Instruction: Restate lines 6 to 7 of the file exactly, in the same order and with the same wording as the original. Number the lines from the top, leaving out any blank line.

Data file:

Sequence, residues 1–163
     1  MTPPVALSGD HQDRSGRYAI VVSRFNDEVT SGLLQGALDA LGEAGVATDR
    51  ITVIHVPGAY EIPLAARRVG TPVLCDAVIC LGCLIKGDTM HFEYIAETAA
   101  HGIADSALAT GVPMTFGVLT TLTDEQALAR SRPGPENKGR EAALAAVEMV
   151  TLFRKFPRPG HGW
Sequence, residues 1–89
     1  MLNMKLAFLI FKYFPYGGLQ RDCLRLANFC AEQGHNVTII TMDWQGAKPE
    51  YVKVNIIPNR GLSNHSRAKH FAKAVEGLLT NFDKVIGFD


Sequence, residues 1–89
     1  MLNMKLAFLI FKYFPYGGLQ RDCLRLANFC AEQGHNVTII TMDWQGAKPE